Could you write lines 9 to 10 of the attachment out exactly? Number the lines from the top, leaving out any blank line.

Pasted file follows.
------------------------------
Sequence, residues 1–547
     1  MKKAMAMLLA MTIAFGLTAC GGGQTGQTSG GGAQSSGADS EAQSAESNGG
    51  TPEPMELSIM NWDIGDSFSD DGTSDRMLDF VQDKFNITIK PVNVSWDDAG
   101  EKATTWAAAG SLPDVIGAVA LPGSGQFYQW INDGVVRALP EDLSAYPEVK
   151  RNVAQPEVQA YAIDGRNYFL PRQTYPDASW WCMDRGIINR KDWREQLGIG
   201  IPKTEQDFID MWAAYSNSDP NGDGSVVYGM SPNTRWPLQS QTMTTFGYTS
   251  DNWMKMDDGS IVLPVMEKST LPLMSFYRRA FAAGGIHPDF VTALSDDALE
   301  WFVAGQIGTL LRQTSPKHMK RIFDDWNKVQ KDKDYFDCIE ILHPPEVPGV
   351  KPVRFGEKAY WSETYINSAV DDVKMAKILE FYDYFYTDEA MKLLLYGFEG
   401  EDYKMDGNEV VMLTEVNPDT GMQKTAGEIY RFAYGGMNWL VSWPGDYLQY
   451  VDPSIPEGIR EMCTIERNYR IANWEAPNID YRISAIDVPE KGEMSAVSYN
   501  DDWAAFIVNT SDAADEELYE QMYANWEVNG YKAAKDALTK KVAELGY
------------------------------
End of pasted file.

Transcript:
   351  KPVRFGEKAY WSETYINSAV DDVKMAKILE FYDYFYTDEA MKLLLYGFEG
   401  EDYKMDGNEV VMLTEVNPDT GMQKTAGEIY RFAYGGMNWL VSWPGDYLQY